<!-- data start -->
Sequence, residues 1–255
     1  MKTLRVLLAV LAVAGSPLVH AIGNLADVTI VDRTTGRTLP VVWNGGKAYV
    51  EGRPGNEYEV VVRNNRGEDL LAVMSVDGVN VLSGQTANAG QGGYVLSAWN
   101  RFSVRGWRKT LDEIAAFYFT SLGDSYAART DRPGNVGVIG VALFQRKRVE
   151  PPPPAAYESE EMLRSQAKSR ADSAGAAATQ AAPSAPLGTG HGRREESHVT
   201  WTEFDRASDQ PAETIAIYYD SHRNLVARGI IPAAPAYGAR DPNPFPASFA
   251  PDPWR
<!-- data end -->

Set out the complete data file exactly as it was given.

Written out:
Sequence, residues 1–255
     1  MKTLRVLLAV LAVAGSPLVH AIGNLADVTI VDRTTGRTLP VVWNGGKAYV
    51  EGRPGNEYEV VVRNNRGEDL LAVMSVDGVN VLSGQTANAG QGGYVLSAWN
   101  RFSVRGWRKT LDEIAAFYFT SLGDSYAART DRPGNVGVIG VALFQRKRVE
   151  PPPPAAYESE EMLRSQAKSR ADSAGAAATQ AAPSAPLGTG HGRREESHVT
   201  WTEFDRASDQ PAETIAIYYD SHRNLVARGI IPAAPAYGAR DPNPFPASFA
   251  PDPWR